The birth of a South Tyneside jazz band

The South Shields Cleadonaires on the march.
The South Shields Cleadonaires on the march.

Over the years, thousands of South Tyneside youngsters have been involved in juvenile jazz bands.

Most simply went along to where the bands used to practise and were enlisted into their ranks.

But reader Ellen Winter (nee Arnold) has a different tale to tell – how she and her two young friends came up with the idea of forming their own band – the first to do so after the Second World War.

“I used to live in Prince Edward Road,” explains Mrs Winter, “along with my friends Angela Todd and Winnie Telfer. All three of use used to go to Cleadon Park School.

“One day, after we had been to the carnival, we decided to start our own jazz band.”

So young Ellen went to her mam, Mrs Norah Arnold with the idea, while the others approached their mothers – and the seed was sown.

Soon, lots of other children wanted to join in, and eventually the South Shields Cleadonaires were born.

Ellen, who was a drum majorette, said her mother (despite having a poorly arm) made the uniforms for the band – all 40 of them – which were made-up of a magenta tunic and black trousers.

“I remember one weekend when we were trying to raise money to pay for the buses that used to take us all over the place, we got an old-fashioned record player and put it on top of a pram.

“We set it playing, and pushed it down Prince Edward Road, but it fell off in the snow.

“We went here and there as a band, playing all over Cleadon as well as the South Shields Carnival. Everybody knew who the Cleadonaires were”

And the band’s fame soon spread beyond South Tyneside when they won the chance to perform at the Blaydon Races.

“Our name was put in a hat, and we were drawn out, so we got to play at the Blaydon Races.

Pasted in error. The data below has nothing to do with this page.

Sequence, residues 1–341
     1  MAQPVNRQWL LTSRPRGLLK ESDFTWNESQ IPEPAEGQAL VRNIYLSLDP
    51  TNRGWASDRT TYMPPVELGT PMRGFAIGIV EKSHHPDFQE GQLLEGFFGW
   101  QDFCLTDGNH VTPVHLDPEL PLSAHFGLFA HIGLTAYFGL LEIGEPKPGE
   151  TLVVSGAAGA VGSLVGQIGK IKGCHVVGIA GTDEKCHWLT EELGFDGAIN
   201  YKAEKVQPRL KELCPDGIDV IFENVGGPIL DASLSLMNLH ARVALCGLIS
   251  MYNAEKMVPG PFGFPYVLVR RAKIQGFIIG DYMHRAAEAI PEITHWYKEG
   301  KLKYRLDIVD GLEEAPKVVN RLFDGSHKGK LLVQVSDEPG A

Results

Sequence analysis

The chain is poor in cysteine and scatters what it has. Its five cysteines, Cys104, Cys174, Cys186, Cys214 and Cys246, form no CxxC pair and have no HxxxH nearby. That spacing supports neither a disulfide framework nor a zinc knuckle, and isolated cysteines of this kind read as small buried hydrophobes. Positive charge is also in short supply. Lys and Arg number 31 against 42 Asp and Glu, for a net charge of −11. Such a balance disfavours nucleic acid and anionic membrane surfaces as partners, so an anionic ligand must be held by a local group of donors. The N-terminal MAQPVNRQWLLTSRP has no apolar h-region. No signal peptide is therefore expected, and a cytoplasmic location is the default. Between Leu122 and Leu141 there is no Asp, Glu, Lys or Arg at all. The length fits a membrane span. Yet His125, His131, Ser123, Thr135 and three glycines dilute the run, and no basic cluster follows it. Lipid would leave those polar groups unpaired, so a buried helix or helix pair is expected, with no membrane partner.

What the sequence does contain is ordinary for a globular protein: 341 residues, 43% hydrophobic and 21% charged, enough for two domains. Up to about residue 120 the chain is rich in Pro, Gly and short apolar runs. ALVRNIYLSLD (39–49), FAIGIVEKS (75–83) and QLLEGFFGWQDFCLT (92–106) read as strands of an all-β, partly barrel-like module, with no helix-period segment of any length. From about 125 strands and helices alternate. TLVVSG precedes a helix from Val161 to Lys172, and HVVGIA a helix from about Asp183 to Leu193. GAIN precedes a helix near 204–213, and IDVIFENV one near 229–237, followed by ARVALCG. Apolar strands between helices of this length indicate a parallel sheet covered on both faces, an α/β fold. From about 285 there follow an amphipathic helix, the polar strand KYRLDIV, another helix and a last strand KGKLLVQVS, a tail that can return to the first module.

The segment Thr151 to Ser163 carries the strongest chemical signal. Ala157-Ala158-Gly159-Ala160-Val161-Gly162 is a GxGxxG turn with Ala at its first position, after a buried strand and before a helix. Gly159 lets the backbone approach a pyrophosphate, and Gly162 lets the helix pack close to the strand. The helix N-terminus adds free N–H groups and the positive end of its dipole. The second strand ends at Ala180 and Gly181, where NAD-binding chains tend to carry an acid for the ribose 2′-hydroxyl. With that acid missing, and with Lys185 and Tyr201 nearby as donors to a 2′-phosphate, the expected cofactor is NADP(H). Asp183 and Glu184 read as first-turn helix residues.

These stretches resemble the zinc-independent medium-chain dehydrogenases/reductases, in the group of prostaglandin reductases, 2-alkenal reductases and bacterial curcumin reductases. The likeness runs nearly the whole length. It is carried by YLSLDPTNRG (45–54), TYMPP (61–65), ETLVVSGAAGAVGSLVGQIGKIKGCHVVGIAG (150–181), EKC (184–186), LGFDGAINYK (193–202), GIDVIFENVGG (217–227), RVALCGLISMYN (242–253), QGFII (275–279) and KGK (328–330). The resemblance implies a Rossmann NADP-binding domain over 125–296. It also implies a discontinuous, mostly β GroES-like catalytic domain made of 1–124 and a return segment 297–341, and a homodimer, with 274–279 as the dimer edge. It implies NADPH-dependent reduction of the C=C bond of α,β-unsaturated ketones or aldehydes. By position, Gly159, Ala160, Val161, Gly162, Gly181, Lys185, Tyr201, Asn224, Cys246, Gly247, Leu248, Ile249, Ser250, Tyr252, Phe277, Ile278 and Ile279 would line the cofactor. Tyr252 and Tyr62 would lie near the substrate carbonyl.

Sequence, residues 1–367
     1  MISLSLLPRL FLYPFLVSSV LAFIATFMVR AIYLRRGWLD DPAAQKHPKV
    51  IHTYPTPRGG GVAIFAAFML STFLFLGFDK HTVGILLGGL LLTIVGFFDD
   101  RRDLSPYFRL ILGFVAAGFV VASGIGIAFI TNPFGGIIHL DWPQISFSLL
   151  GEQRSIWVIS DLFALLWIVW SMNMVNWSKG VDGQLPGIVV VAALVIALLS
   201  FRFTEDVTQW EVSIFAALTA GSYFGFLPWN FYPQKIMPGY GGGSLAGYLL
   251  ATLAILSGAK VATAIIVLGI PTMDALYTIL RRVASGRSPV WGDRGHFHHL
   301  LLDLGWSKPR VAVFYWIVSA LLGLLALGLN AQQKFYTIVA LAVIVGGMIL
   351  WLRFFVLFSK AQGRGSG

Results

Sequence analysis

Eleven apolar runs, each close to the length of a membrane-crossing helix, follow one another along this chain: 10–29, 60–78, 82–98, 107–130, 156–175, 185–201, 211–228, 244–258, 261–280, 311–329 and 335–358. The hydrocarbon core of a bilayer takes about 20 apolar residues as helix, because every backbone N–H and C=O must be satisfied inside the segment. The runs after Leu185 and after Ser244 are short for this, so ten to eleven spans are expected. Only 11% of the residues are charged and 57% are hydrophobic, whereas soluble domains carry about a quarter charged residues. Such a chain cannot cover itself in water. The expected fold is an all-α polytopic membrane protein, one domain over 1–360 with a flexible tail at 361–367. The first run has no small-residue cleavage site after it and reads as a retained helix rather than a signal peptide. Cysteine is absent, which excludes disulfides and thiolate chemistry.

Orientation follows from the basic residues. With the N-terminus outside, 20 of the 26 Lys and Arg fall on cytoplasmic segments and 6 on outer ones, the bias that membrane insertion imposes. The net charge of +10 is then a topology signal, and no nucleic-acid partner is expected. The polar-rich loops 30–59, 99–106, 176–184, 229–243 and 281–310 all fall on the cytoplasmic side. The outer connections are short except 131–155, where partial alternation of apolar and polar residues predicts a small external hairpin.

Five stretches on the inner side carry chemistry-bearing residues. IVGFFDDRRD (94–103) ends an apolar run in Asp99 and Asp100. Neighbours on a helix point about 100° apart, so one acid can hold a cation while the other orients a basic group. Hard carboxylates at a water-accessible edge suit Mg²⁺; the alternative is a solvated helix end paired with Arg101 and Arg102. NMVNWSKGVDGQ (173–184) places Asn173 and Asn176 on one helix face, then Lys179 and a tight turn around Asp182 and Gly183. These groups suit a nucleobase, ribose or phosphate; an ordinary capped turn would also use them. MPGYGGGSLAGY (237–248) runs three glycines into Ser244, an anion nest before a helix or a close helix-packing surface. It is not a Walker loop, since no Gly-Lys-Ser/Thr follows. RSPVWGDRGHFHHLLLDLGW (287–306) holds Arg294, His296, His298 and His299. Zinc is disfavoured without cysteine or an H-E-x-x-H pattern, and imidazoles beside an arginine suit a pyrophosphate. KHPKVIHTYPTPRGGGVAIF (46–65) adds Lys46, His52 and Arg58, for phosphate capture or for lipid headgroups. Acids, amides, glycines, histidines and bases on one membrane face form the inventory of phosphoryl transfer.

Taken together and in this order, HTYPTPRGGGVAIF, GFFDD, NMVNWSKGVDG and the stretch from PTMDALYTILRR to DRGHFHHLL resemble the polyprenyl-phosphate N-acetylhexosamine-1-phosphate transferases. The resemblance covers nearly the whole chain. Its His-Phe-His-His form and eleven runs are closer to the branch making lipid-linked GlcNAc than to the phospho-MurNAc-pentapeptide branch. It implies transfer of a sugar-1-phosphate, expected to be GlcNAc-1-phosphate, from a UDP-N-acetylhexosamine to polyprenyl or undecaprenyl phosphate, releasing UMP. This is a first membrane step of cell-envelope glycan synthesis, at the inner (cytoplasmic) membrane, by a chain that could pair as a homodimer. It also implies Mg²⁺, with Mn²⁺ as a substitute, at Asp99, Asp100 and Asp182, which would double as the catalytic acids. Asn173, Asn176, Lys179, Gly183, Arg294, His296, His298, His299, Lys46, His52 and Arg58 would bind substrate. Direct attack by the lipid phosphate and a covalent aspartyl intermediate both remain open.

“My sister Jennifer, who was a mascot, was only four at the time, but she marched all the way to Blaydon. We gave her boiled sweets to keep her going.”

After a while, Ellen and her family (including three sisters and two brothers, moved to London, near Wembley (where her dad saw all the matches during England’s 1966 World Cup win) and then on to Elstree.

But she never forgot her time with the Cleadonaires, who continued despite losing two of their stalwarts, Ellen and mam Norah, who is now 91.

“I would really like to hear from any of the old Cleadonaires,” added 62-year-old Ellen. It might be nice to have a reunion.”

So, if you’re interested, let in touch, and I’ll let Ellen know.

Meanwhile, another Mrs Winter, Mrs Kathleen Winter (whose maiden name was Stobert), got in touch after we featured a photo of the finishing process in the manufacture of rope at Tyne Wire Ropes, South Shields, in 1964.

“My father’s brother, Jack Stobert, was the managing director of Tyne Wire Ropes.

“He went from office boy to managing director. My brother George, was company secretary, and he took over from Jack when he retired.

“While he was managing director, the company was taken over by Firth Cleveland Ropes and the factory in South Shields was closed and moved to Sheffield.

“My brother and his family moved there, but later left the company and, after eventually became director of social services in Salford.”